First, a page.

Sunday, October 14, 2012

Our Last Sunday in Pueblo

No Place Like Home


As on every other Sunday, we sat in the "newspaper room" in our twin chairs reading the Sunday morning newspaper.  The pink chairs were purchased when we moved into this home 17 years ago.  I was expecting my first grandchild at the time.  I remember the salesman telling me these were perfect grandma chairs because they rocked and they swiveled.  I wasn't sold on the pink, but the chairs were so comfortable, and they did rock and swivel.  

Now, the chairs are very worn.  They are no longer pink.  Newspaper print has rubbed off on the fabric.  Babies have been rocked in these chairs.  Christmas morning activities has been witnessed from these chairs.  Easter egg hunts have been witnessed by these chairs.  My chair, the one on the right, held me when I heard the worst news of life. It was here where I heard my Amy say, "Mommie, Julie is dead."  

Still, this chair is always a comforting place for me to go.  It speaks of home, of family, of times with my husband as we rehashed what we read in the paper.  Back in the day, when my hubby was working, I'd sit in this chair reading and say, "I see you made the newspaper today."  Thankfully, he always seemed to garner good press.   One morning I read he had physically apprehended a student who had a knife in his hand as the student attempted to exit the building after making a threat.  That was after I had asked him what had happened at work the day before and had received the reply, "Nothing really."  When I read the news clip to him saying, "I thought you said nothing happened at school yesterday."  He said, Oh, that's right.  I forgot."  I guess it was just another day in life of a high school principal.  

Yes, this room, these chairs hold many memories.  We will take the chairs with us.  We've talked of getting rid of them since they are so unsightly.  I think they will make the move.  We will reupholstery them.  They are comfortable.  They rock.  They swivel.  We do like them.  It is the room we will leave behind.  This room, called the "newspaper room" by the grandchildren, was the setting for our last Sunday morning paper reading today.  I raised my coffee cup to my husband and said, "Here's to this room and our last Sunday in it."  

Sunday Routine

We needed to keep packing, but the sun was shining.  The weather was warm, and we needed to settle our minds about leaving the place where we have lived for so long, so we went to the Pueblo Riverwalk for one last Sunday walk with Boston.  We go to the riverwalk nearly everyday, but Sunday is a special day because so many others are there walking when the weather there on Sunday afternoons.  Located in the heart of Pueblo, a walkway runs beside the historic route of the Arkansas River.  Just this past week, on a beautiful fall afternoon, I spotted a beaver in the river that runs right through the middle of the city.  Can you see him in the middle of the photo?  Good thing I had my iPhone with me.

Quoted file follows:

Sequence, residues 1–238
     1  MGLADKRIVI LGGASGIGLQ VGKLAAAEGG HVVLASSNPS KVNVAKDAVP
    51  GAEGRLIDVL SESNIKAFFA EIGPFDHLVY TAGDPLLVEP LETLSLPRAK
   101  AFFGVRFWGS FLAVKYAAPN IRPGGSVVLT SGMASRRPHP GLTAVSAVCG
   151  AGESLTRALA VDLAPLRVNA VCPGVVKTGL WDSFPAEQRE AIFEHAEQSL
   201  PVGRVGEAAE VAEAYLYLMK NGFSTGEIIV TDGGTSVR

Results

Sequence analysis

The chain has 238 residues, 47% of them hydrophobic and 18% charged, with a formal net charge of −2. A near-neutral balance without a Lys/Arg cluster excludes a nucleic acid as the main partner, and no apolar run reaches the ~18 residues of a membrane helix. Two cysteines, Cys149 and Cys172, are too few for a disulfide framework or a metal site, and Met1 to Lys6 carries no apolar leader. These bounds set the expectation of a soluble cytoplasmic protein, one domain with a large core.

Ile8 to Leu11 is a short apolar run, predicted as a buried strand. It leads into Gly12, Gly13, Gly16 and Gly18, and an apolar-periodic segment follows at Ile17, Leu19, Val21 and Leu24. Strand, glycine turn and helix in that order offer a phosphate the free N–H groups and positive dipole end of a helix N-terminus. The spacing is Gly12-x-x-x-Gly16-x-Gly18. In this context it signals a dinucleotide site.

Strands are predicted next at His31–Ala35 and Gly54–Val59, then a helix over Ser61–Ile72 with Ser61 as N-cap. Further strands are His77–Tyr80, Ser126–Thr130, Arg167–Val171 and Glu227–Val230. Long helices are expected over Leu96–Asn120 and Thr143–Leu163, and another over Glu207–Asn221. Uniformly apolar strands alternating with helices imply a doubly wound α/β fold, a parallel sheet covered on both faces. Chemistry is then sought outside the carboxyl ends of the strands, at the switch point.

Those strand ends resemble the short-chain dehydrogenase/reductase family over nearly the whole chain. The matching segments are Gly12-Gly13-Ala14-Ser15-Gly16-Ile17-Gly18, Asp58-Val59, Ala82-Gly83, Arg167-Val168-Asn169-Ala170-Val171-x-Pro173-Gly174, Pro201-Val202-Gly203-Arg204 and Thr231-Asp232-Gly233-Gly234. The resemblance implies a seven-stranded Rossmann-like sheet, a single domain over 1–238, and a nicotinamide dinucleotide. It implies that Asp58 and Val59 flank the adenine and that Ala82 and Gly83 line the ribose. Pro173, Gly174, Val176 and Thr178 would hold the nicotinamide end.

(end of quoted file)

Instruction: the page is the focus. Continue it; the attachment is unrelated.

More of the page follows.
Beaver swimming at the Pueblo Riverwalk
I captured this photo from the bridge over the river
We couldn't spend our last Sunday in Pueblo without going to our favorite spot to spend a Sunday afternoon.  We ran into friends who were either walking or eating on the pizza on the patio at Angelo's.    I don't think we can take a walk on a Sunday without spending at least 15 minutes chatting to friends along the way.  We will miss this.

How could we have our last Sunday in Pueblo without buying popcorn from Taffy's?  Well, we didn't think we could, so we went to get our Sunday popcorn.  They were closed!  How can that be?  The sign on the window said, "Closed.  No electricity."  That is when we remembered that the power was out all over downtown because there was a fire at the electrical plant.  We had learned that while chatting with our friends at the pizza parlor.  The waitress had come out to say to our friends that they were having some difficulty with the bill because the power was out because of a fire at the power plant.  Our car was parked right next to the power company, so we saw all the commotion as we left to go get popcorn.  I guess we should have known.

Another routine for Sunday involves Boston being groomed by Jim.  We came home so Jim could get that done.  The last roses were blooming.  I've tried to ignore the roses this week.  The sprinkler system is off.  They are not getting watered.  I decided to just let them die for the season and not get emotional. As I stepped onto the back deck to watch the grooming, I saw my beautiful Easy Does It rose was not done blooming yet.  I decided I had to snip the last blooms.  I could not let them remain on the bush to die.  I had to enjoy their beauty.